• Free arena concert with country music icon Trace Adkins;
  • Expanded West Wing exhibits and activities, including Drone Zone and Cornhole Tournament;
  • Tuesday Welcome Reception at Churchill Downs, Kentucky Derby venue;
  • Happy hour at Kentucky Expo Center following Wednesday exhibit floor close;
  • Women’s Leadership Reception, Thursday; and,
  • Hardscape House and Outdoor Demonstration Yard, with live demonstrations and Installer Championships.

HardscapeNA registration covers access to the co-located Equip Exposition. Additional registration and event details can be obtained at or from show management, 888/580-9960. CMHA produces Hardscape NA with Brick Industry Association and Natural Stone Institute endorsement, plus chief sponsors Belgard Hardscapes and Keystone Hardscapes.

Ahead of CMHA, NCMA was at the forefront of quantifying gray or architectural concrete masonry units’ CO2 sequestration potential or carbonation tendencies. The CMU Technical Subcommittee continues to support research proving how concrete block specifications go hand in hand with AEC interests tracking or budgeting carbon metrics. Masonry Committee Chair Blair Harter (Basalite Concrete Products) and CMCB Board Member and Programs Committee Chair Heidi Jandris (Jandris Block) have prioritized concrete block CO2 sequestration performance measurement plus wall system analyses comparing dry cast CMUs’ carbonation, resiliency and sustainability properties against wood, steel, and wet-cast concrete alternatives.

“While CMHA has been leading the effort to document our carbon footprint and sustainability contributions, Concrete Masonry Checkoff programs will transition that information into effective and impactful messaging,” Hoehner observes. “This type of collaboration is a great example of how we can partner to drive our industry forward. Further collaboration with our industry allies, including the Concrete Sustainability Hub at MIT, will enable us to push beyond a block production ‘cradle to gate’ analysis to demonstrate the relative value of concrete masonry construction after you consider other factors like a building’s operating carbon (electricity consumption, heating and cooling) along with biogenic carbon (gas released during wood product decomposition). High marks in the use of localized materials, minimal site impacts, energy efficiency, low maintenance, adaptable reuse, fully recyclable end of use products, flexible design opportunities, and efficient construction all contribute to the benefits of designing and building with concrete masonry. We need to finish up preparing this information, then leverage the Checkoff program to convey these facts and resources to decision makers.”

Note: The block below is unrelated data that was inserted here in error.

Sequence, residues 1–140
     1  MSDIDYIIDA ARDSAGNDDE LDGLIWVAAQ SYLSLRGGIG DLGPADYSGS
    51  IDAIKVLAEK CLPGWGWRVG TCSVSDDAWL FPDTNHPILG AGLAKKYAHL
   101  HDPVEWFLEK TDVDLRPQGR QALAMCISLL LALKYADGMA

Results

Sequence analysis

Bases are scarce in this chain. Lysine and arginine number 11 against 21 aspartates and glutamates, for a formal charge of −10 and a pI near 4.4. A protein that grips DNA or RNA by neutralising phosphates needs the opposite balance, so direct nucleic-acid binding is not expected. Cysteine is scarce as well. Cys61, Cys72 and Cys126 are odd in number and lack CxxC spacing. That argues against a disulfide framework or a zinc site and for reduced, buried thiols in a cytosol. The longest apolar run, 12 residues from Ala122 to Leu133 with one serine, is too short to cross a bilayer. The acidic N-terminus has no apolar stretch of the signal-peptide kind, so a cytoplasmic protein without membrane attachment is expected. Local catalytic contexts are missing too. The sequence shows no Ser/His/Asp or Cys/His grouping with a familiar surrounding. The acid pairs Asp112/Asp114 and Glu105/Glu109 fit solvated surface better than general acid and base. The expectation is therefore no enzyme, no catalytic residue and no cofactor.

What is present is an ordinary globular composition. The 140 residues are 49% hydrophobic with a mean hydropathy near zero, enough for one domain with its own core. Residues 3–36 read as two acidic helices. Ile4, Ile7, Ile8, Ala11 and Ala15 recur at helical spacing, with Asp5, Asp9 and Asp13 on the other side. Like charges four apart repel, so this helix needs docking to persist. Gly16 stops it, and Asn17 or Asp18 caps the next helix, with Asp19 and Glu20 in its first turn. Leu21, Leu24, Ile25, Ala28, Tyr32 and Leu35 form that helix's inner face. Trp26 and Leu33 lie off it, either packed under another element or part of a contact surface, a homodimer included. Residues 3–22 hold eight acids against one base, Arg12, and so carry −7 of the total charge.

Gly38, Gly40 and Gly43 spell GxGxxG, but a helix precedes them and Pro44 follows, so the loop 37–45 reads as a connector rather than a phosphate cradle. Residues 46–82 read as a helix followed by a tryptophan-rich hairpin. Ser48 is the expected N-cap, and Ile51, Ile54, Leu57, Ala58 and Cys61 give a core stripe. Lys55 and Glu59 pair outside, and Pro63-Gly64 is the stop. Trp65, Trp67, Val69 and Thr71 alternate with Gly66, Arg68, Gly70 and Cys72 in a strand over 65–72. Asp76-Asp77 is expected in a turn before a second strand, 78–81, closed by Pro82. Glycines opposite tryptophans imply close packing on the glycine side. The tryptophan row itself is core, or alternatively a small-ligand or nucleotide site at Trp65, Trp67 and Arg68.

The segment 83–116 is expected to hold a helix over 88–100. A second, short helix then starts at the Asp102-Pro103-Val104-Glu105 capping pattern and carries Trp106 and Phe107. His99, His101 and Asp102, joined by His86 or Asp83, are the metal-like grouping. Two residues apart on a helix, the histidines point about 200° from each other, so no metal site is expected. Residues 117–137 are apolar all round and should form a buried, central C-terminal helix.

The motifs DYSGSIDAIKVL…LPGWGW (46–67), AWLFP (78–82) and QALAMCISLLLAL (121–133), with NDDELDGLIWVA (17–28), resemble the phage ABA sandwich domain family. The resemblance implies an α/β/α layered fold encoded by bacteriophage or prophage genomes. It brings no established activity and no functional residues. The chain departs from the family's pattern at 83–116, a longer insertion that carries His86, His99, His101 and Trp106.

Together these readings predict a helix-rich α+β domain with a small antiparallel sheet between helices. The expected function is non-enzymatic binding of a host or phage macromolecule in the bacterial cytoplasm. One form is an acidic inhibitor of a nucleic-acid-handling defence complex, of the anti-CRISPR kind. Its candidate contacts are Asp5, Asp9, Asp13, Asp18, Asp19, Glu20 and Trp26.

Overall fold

“CMHA has always prided itself at being beyond reproach on engineering and technical matters. Carbon metric measurement and reporting are no different,” he adds. “With carbon accounting a relatively new field of study and a lot of public pressure to reduce carbon footprints, there is a strong, positive push to innovation. While we recognized early on that the void structure in our block products resulted in an improved ability to absorb and permanently sequester carbon from the atmosphere, it was critical that we establish baselines and standard processes for evaluation.”

Vice President of Engineering-Masonry Nick Lang and Director of Material Science Craig Walloch have led CMHA work on quantifying CMU carbonation rates. Data collection and validation will augment a deliverable they have set for this summer: an Industry Average Environmental Product Declaration for Concrete Masonry Units. The document will factor CO2 emissions or global warming potential figures from producer surveys and concrete mix material sources. The Industry Average EPD for CMU will be published by California-based Climate Earth, the first mover in manufactured and ready mixed concrete declarations.

“We are focused on collaboration and coordination in this area, becoming more active in forums such as Building Transparency, which developed the Embodied Carbon Calculator from the construction industry’s EPD library, to ensure that we are supporting responsible environmental decisions, both by designers and our producer members,” notes Hoehner. “We have partnered with others in the industry, including the Concrete Advancement Foundation, to submit a proposal to secure Environmental Protection Agency funding that would be used to incentivize our producer members to publish EPDs for their own products. A grant would accelerate our efforts and we expect to hear about the proposal status shortly. We have a great story to tell public and private construction parties through a widely recognized vehicle like an Industry Average EPD.”

CMHA is entering its third year, following the Interlocking Concrete Pavement Institute and National Concrete Masonry Association unification in July 2022. CMHA serves building and retaining wall block, segmental pavement and manufactured stone veneer producers and their allies through Masonry and Hardscapes committees plus six Marketing, Technical or Construction subcommittees. The Association organizes and manages Hardscape North America, an annual October gathering of producers, suppliers, contractors and installers at the Kentucky Exposition Center in Louisville (note companion sidebar, opposite page). CMHA is also a partner with the National Precast Concrete Association and Precast/Prestressed Concrete Institute in The Precast Show, staged in February or March. It serves as North America’s largest annual event for manufactured concrete interests, with attendance upward of 5,000.

One of the final deliverables in a nearly two-year ICPI and NCMA integration,, went live earlier this year. “The website solidifies CMHA’s role as the trusted source for segmental concrete products and systems, which are the best value and preferred choice for resilient pavement, structures, and living spaces,” says CEO Robert Thomas. “The site allows our members and other visitors to quickly find technical resources related to masonry and hardscapes; learn about membership opportunities, our events, courses and certification opportunities; search for member company information in directories; and, stay current on association and industry news.”

Carefully built by a team of designers and developers from Matrix Group International, the site’s modern, clean look is visually appealing, relying on photography to tell CMHA’s story, he adds. New navigation and content areas provide an intuitive user experience, including a powerful new search function, comprehensive technical resource calendar, industry calendar, and project profiles.